You may have been injured – even severely and that is whole other level to what you have to DO and PROCESS as a result of someone coming along and bashing into you. Maybe your car was brand new, maybe it had been a gift, maybe the other is uninsured and you fight your insurance company. A million and one things are possible. And, it’s a pretty good chance that you were not totally observant and not being the ideal, law-biding driver. YOU could be the "other." Every day in every relationship we somehow harm or trigger another's button even if we are being totally aware, concerned, and compassionate about the other. In the commission of living our lives and woundings, we unknowingly, unwittingly can interfere with or harm the other's way of being. I call them intersections, or inner-sections -- where our woundings bump up against the woundings of others.
What is your contribution? Even if there was not a thing you could have done differently how DO you deal with the feelings of not being a good driver that COULD have contributed?
You might have been injured enough and your life altered enough that you became restricted in your life (even never walked again), or depressed for a long time. Maybe you were pregnant and your baby was born prematurely or did not live. Whatever it was, it contributed to your future life, your feelings, perceptions, and maybe your depression, rooted in the event, lead to the inability to make appropriate decisions that lead to further unwanted complications. You might have lost your job, then your apartment, and had to move in with friends or family. Or, you got addicted to painkillers, neglected your child and lost custody of that child to the other parent. Left college and became a bum.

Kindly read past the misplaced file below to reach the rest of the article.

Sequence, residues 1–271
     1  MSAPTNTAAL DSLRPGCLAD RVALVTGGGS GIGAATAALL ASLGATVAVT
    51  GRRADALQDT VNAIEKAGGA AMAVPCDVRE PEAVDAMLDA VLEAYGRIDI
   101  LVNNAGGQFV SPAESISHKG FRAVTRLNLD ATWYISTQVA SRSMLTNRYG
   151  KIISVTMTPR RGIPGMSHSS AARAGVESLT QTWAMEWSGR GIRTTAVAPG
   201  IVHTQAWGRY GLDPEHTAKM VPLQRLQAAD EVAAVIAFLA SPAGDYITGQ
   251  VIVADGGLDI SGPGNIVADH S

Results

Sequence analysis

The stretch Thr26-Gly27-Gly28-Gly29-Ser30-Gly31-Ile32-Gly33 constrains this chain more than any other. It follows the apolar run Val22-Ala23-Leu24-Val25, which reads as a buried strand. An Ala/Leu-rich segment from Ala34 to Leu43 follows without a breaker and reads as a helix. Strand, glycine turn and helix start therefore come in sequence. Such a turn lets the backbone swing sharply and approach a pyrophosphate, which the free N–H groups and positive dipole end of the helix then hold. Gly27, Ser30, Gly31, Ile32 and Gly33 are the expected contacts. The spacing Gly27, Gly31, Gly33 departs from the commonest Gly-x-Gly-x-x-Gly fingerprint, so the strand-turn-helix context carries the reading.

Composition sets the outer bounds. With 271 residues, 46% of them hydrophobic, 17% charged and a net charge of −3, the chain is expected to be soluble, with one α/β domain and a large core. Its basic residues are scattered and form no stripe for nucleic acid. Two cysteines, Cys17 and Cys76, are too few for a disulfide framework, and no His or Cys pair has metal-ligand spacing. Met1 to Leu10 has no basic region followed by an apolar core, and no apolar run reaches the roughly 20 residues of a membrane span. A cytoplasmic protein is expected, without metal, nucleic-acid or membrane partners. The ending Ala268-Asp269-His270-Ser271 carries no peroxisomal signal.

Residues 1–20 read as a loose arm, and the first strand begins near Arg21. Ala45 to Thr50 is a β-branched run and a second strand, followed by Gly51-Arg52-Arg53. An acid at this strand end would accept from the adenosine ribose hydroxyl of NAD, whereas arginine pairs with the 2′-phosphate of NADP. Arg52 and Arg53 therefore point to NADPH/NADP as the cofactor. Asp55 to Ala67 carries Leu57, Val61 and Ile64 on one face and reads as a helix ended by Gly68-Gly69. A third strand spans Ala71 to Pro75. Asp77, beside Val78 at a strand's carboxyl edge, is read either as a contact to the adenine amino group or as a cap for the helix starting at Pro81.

Who is to blame? How does one get out of the cycle of victimization and out of the spin of PTSD? What if the person who hit you has a long record of such accidents? What if it were totally preventable? What if that particular intersection is a block from the hospital where there is scientifically or statistically a high number of accidents due to obstetricians rushing to the hospital? And, the city won’t do anything about it, because of pressure and money from the hospital.
Birth as a Metaphor
Birth is so about being responsible for who one is when they conceive and about where they are going in any one second of life – how one is gestating that baby nutritionally, environmentally, relationally. One’s own fears, hopes, stresses, and needs are all driving one down the road to that intersection of birth, where 90% of the time one is going to intersect with a rushing obstetrician.
How did we get here? With all of these paved roads, four lanes, lights, traffic laws, rushing obstetricians?
TO BE CONTINUED …..